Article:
Delight: I am sure the Lord led me here, Mr. Farnsworth. If I hadn't come to stay with you, I would never have understood the prophecies about the Lord's coming this year, and I would not have been ready. I would have perished with all the wicked.
Rachel: Yes, Delight has hardly been able to talk of anything else. And after attending your lovely little church last Sunday, I think I could . . . (She is interrupted by knocking at the door.)
Daniel: Someone at the door. Excuse me. (Goes to door and opens it.) Elder Wheeler, come in! Were always glad to see you.
(He assists Wheeler to remove winter coast and gloves.)
Wheeler: Thank you, my brother. I have just been visiting with your son, William, and his family, and I thought I would just stop by for a few minutes. (Cyrus gets up to allow Wheeler to have his seat.)
Patty: Oh, do sit down, Elder Wheeler. We also loves to have you call.
Daniel: Cyrus, would you go out and care for Mr. Wheeler's horse. Get some hay from the barn. (Cyrus goes out.)
Wheeler: Thank you, Cyrus. That's a fine lad you have, Brother Farnsworth. Hello, Delight. (Sits) And Mrs. Oakes. I saw you in my congregation last Sunday, and I have wanted to make your acquaintance. We have been happy to have your lovely daughter attend our services from week to week.
Rachel: And I wanted to meet you, Elder Wheeler. You remember that in your communion sermon on Sunday you said that if we confess Jesus Christ we should obey all the commandments of God?
Wheeler: Yes, I did say that, Sister Oakes.
Rachel: Well, I came near getting up in the meeting right then, and saying something.
Wheeler: Yes, I noticed that. But what did you have in mind to say?
Rachel: I wanted to tell you that you had better set that communion table back and put the cloth over it, until you begin to keep all the commandments of God.
Wheeler: (Taken aback.) Whatever do you mean, Mrs. Oakes?
Rachel: (To Delight) Pass me my Bible, dear. (Opens it.) Here in Exodus chapter 20 the fourth commandment says, "The seventh day is the Sabbath of the Lord thy God," but you keep the first day. You observe the pope's Sunday instead of the Lord's Sabbath.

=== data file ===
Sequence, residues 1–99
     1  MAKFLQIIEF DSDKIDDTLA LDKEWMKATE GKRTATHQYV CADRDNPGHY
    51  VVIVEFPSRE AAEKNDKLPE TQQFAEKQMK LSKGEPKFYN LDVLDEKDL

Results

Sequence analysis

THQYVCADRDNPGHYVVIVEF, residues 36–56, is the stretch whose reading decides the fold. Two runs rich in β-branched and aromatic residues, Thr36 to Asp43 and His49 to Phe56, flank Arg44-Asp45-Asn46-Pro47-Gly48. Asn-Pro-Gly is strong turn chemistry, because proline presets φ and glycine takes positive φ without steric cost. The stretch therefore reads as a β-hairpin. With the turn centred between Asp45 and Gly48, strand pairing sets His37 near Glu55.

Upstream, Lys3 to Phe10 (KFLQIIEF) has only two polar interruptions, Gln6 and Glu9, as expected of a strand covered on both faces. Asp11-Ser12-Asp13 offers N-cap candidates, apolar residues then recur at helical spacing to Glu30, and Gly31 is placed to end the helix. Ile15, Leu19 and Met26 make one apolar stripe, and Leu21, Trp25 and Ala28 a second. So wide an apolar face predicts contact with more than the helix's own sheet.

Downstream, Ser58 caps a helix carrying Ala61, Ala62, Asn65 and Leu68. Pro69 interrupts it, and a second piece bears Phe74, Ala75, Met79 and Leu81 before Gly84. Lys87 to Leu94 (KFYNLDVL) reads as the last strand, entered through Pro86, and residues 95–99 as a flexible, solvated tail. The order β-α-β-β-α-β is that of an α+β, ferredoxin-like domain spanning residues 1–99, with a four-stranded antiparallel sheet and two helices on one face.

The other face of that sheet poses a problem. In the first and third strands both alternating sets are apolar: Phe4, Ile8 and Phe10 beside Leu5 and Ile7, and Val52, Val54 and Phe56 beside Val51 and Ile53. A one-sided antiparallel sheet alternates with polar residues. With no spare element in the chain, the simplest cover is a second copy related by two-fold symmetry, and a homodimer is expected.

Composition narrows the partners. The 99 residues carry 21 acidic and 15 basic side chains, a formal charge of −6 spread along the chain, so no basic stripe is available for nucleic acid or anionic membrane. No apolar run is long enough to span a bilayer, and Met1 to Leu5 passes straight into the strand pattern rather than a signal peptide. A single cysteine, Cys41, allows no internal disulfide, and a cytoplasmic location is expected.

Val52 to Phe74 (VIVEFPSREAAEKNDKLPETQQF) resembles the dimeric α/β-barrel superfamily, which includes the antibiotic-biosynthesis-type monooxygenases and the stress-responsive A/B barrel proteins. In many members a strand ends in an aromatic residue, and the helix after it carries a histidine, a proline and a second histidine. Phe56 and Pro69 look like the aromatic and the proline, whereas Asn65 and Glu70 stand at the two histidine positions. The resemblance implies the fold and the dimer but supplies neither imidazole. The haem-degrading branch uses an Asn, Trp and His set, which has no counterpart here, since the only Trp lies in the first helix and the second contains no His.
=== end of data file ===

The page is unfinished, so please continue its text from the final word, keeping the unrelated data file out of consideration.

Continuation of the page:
Daniel: I have never thought of the fourth commandment as being all that important as far as the actual day was concerned.
Wheeler: Well, Sister Oakes, you are right when you say the fourth commandment tells us to keep holy the Sabbath Day. It is also true that Christ Himself kept the seventh-day while He was on earth. But at the cross, the law was changed . . .
Rachel: (Interrupting) Show me one text of scripture which proves that Christ changed the Sabbath from the seventh-day to the first day.
Wheeler: (Fumbles in his Bible for a few moments.) Well, I'm sure there are several texts . . . (Decides on a different approach.) Sister Oakes, I am aware that you are an adherent of the Seventh Day Baptist faith, and I respect the doctrinal viewpoints of the Seventh Day Baptists. But many of us are convicted that the important truth for this hour is the proclamation of the imminent return of Jesus Christ sometime during the spring of this very year. You see, we of the Advent Near have come out of so many of the great churches of our day – William Miller of course was a Baptist, many of our believers are Congregationalists, and I am a circuit preacher of the Methodist Church. We dont expect Adventists to give up any of the particular doctrines of their churches, but neither do we expect them to try to impose their beliefs on all other Adventists. Do you see that?
Rachel: Mr. Wheeler, since when do we ignore a clear command of scripture as an unimportant truth? Christ said, "If ye love Me, keep My commandments." Do you love Christ, Mr. Wheeler?
(As Wheeler prepares to answer, Cyrus returns to his position in front of stage. As he resumes his narrative, the members of Scene 1 move off stage.)
Cyrus: I wish you could have been there that evening last spring. Elder Wheeler went home quite confused, but he studied the texts that Mrs. Oakes gave him, and came to the conclusion that she really was right about keeping Saturday instead of Sunday. He even preached a sermon about it to his congregation at Hillsboro (that's about fifteen miles east of here,) but they didn't like it. He must really believe it, thought, because he and Mrs. Wheeler keep Saturday privately at home; and Delight and her mother join them most times. Delight thinks we should be all doing the same, but it doesn't seem to matter which day we keep in view of the Lord's coming so soon.
Most of us expected that the Lord would come during the spring of this year, as Mr. Miller had been preaching, but it didn't happen. We all felt disappointed and defeated, but we didn't dare to cast away our hope. What else could we do, anyway? Many Millerites had been forced to leave their churches because of their belief in His coming, and they couldn't face the thought of crawling back and saying they had made a mistake. Expecting the Lord's coming at any moment had become a way of life for us, and it's mighty hard to change that. So we spent most of this past summer feeling rather blue and discouraged inside, but trying not to show it on the outside. We kept telling each other that He must come before this year is out, because we know the Bible is true.
Well, that's about how it was two months ago, in the middle of August, something exciting happened. Let's join my brother William and his wife at home when they heard something really astounding!